Battle of Bladensburg, August 24, 1814

Battle of Bladensburg

Editor: Michael Spilling and Consultant Editor: Chris McNab

American Battles and Campaigns – Battle of Bladensburg, August 24, 1814

After Napoleon’s exile, Britain directed considerable resources into the ongoing war in North America. Around 2500 of Wellington’s regulars joined a force of 20 warships in an attack up the Chesapeake Bay directly into the central United States. The American defenses included a flotilla of gunboats and a few forts, the one at Mount Vernon being blown up by its own garrison when the British approached. Admirals Alexander Cochrane and George Cockburn sought profitable looting of Virginia tobacco, the crushing of Maryland privateering and the destruction of the US capital at Washington. American resistance varied from the heroic to the wildly incompetent, perfectly exemplified at this battle, when 4000 regulars marched through Maryland towards Washington. Read more ›

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Posted in Military History

Weird Ways to Die in Florida: FDR’s Assassin Giuseppe Zangara

Death

by Craig Pittman

Giuseppe “Joe” Zangara: FDR’s Assassin

In my time covering courts, I tracked down the grave of Giuseppe “Joe” Zangara, a bricklayer who in 1933 tried to assassinate President-elect Franklin Roosevelt after a speech at Miami’s Bayfront Park. Zangara was unstable, in more ways than one. He perched on a metal folding chair twenty-five feet from the car where FDR sat. As he took aim, he yelled, “Too many people are starving!” and emptied his pistol. Read more ›

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Posted in Modern History

The First Barbary War 1801–05

First Barbary War

Editor: Michael Spilling and Consultant Editor: Chris McNab

American Battles and Campaigns – First Barbary War 1801–05

The First Barbary War (1801–1805), also known as the Tripolitanian War and the Barbary Coast War, was the first of two Barbary Wars between the United States and the four North African states known collectively as the “Barbary States”. Three of these were nominal provinces of the Ottoman Empire, but in practice autonomous: Tripoli, Algiers, and Tunis. The fourth was the independent Sultanate of Morocco. The cause of the war was pirates from the Barbary States seizing American merchant ships and holding the crews for ransom, demanding the U.S. pay tribute to the Barbary rulers. United States President Thomas Jefferson refused to pay this tribute. Read more ›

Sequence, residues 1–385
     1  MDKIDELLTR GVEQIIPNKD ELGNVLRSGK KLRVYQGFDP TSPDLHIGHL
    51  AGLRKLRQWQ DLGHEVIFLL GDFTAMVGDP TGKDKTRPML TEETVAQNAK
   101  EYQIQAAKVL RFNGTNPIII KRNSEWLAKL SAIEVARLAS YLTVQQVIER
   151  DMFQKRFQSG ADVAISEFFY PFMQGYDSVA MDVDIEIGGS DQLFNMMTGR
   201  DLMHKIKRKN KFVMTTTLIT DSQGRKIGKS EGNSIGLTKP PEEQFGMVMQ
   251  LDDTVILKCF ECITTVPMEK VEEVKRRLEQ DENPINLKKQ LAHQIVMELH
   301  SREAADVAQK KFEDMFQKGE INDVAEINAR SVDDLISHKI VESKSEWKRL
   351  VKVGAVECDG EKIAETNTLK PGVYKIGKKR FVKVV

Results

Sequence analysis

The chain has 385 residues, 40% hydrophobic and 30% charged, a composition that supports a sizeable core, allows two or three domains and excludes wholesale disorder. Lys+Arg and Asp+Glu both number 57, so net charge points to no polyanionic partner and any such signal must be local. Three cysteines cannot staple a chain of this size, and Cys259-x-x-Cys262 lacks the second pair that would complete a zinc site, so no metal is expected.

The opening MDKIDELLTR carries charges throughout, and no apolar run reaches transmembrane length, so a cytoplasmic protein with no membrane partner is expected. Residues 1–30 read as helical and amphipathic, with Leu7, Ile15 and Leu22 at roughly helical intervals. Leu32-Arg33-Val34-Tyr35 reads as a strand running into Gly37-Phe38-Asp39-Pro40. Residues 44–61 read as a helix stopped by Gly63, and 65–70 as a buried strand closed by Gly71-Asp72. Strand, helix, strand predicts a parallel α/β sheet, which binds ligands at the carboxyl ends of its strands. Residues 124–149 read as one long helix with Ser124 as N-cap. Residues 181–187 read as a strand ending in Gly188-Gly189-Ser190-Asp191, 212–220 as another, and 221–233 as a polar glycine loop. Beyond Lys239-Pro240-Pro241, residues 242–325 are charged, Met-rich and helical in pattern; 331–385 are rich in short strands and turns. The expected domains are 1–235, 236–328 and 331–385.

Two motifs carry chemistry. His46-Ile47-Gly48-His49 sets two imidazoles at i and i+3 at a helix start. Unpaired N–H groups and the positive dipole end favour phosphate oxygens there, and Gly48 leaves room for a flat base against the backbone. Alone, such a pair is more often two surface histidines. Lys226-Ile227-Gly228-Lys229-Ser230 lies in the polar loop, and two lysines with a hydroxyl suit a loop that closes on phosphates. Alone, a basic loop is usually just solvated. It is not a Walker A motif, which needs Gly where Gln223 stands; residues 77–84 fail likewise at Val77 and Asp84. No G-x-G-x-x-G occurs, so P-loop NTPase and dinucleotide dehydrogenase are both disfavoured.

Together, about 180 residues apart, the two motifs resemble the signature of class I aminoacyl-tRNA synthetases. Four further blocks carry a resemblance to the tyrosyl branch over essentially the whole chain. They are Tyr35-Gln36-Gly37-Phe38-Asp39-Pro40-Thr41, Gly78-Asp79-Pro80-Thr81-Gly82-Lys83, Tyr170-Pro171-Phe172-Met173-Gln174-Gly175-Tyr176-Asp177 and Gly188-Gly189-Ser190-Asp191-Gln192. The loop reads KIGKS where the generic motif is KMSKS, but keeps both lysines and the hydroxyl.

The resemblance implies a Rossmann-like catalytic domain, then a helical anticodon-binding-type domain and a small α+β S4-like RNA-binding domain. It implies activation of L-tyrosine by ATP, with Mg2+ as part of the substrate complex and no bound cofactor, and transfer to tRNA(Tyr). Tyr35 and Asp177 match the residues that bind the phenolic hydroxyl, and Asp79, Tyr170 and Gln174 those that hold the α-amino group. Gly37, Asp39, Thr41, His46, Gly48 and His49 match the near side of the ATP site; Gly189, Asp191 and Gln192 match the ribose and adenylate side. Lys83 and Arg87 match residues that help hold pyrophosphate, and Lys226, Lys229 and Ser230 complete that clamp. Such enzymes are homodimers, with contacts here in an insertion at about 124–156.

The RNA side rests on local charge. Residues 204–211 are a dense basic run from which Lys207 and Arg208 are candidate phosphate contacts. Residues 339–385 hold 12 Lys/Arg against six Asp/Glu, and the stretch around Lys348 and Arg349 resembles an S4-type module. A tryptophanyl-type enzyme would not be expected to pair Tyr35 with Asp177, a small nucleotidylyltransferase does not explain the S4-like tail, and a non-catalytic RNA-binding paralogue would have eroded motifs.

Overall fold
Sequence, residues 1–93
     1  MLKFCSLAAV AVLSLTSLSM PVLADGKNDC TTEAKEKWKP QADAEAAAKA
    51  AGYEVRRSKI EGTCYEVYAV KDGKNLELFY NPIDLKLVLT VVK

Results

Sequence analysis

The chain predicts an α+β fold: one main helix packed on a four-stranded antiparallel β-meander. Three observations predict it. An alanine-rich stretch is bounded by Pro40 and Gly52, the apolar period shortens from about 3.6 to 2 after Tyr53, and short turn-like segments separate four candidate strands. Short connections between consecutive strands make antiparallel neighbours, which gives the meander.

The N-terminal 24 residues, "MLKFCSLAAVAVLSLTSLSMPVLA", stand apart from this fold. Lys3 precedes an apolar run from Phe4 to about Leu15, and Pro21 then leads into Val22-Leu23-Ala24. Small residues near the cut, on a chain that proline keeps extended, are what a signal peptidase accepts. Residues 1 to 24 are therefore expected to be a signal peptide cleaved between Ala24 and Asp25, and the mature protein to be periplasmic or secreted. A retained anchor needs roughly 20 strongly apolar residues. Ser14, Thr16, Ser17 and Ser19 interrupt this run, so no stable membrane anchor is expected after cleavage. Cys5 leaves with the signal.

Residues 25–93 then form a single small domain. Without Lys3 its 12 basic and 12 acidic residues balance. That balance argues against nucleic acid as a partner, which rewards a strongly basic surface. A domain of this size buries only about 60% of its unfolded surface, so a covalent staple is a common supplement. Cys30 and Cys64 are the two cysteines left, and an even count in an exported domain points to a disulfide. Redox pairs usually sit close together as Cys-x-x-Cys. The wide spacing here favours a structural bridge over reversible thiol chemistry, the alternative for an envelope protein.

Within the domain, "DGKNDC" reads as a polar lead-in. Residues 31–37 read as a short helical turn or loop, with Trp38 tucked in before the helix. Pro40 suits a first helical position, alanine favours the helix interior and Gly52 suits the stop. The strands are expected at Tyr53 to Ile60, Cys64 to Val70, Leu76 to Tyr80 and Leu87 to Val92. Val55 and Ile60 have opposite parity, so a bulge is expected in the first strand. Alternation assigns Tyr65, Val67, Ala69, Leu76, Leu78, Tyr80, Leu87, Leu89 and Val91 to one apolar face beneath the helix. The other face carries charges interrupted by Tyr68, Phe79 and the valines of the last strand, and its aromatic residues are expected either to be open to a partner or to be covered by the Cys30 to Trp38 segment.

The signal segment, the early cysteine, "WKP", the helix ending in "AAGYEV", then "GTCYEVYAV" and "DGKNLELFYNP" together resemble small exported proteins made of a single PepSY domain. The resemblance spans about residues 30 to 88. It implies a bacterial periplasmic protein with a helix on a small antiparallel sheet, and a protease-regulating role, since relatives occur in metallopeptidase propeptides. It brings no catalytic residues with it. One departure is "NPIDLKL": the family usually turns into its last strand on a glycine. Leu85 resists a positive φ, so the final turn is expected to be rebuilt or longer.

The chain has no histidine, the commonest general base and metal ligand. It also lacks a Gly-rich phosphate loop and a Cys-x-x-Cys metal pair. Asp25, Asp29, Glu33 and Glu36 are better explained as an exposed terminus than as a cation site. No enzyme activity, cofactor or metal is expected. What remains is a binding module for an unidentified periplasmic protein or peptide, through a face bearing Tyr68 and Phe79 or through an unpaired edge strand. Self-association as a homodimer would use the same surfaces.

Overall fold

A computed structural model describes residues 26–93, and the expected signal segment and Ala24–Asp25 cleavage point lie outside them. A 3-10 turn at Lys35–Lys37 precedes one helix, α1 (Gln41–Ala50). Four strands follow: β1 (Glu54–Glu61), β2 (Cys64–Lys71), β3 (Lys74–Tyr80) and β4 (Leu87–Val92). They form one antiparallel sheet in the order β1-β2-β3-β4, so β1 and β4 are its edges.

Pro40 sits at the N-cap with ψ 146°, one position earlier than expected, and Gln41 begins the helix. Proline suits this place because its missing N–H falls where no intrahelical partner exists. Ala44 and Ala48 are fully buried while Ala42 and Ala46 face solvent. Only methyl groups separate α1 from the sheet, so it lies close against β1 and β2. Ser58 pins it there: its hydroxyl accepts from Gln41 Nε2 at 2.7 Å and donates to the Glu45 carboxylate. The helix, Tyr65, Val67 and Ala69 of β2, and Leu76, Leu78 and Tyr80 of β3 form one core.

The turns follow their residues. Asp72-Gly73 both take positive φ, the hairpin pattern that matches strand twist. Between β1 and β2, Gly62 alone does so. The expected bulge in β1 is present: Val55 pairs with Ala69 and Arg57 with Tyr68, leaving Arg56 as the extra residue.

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Posted in Military History

Lt. General (Ret) Michael T. Flynn: The Mistakes of the Iraq War

Michael T. Flynn

by Lt. General (Ret) Michael T. Flynn and Michael Ledeen

Lt. General (Ret.) Michael T. Flynn spent 33 years as an intelligence officer. Before he was terminated from government service, he served as the Director of the Defense Intelligence Agency and the Senior Military Intelligence Officer in the Department of Defense. He has since run for Donald Trump’s Vice Presidential nominee and now gives his account of the mistakes of the Iraq and Afghanistan Wars. Read more ›

Posted in Military History

The Siege of Yorktown, 28 Sep–19 Oct 1781

The Battle of Yorktown

Editor: Michael Spilling and Consultant Editor: Chris McNab

American Battles and Campaigns – The Siege of Yorktown, 28 Sep–19 Oct 1781

The final decisive major battle of the war, the siege of Yorktown established both the collapse of the British ‘Southern Strategy’ and Prime Minister Lord North’s ability to prosecute the war further. After a series of reverses and costly battles in the Carolinas, plus the hoped-for masses of loyalists not flocking in vast numbers to his army, British Gen Charles Cornwallis shifted his 7000 remaining troops into Virginia, having sent 2000 to the New York area in response to George Washington’s plans to assault the main British foothold in the colonies. Read more ›

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Posted in Military History
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